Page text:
After Ronald and the children's mother both indicated that they understood their rights, the court advised them further, stating:

I also need to explain to you what could happen if the Court would take jurisdiction in that matter, which would happen if after a trial the State had met its burden of proof and had proven the allegations by a preponderance of the evidence, or if you admit those allegations. In those cases, we would then have a disposition hearing and the Court would enter a disposition order. That order would require you to comply with a rehabilitative plan that would be designed to correct the issues that had been adjudicate[d]. As part of that order your children could be allowed to remain in your home under the supervision of the Department of Health and Human Services. The order could provide that your children's temporary custody be placed with the Department of Health and Human Services for placement in foster care, the care of an association or institution. It could also provide that your children be placed with a relative or other suitable family member or person.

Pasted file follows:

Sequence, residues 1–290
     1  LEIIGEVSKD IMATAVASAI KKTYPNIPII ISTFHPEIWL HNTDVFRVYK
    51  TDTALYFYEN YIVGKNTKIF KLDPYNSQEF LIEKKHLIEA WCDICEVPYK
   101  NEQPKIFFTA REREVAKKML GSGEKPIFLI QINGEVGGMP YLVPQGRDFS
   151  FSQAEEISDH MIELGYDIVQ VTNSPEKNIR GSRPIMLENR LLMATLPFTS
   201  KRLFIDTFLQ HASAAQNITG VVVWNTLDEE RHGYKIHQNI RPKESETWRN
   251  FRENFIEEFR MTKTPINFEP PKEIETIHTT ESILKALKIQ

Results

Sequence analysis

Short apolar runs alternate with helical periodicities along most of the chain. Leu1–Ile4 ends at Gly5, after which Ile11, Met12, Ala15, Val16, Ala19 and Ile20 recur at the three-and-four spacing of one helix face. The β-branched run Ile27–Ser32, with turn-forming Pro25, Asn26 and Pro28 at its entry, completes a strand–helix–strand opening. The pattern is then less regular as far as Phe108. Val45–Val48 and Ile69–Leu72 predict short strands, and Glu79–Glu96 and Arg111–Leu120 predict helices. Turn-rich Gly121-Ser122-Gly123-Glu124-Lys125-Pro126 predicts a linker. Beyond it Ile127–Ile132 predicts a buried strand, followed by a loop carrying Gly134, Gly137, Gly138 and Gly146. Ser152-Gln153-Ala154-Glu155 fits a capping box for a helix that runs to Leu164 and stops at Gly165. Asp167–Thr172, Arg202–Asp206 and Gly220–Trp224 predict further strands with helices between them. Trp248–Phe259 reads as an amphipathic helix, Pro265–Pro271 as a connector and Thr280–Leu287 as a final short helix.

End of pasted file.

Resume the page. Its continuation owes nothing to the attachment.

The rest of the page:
I have to advise you that if the Court does adjudicate in the matter and you fail to correct the issues that had been adjudicated, at some point in time a motion to terminate your parental rights could be filed. The State statutes provide a specific time frame that a child or children remain in an out of home placement may serve as a basis for the filing of a motion to terminate parental rights. And that is if a child or children remain in an out [21 Neb.App. 66] of home placement fifteen out of the most recent twenty-two months.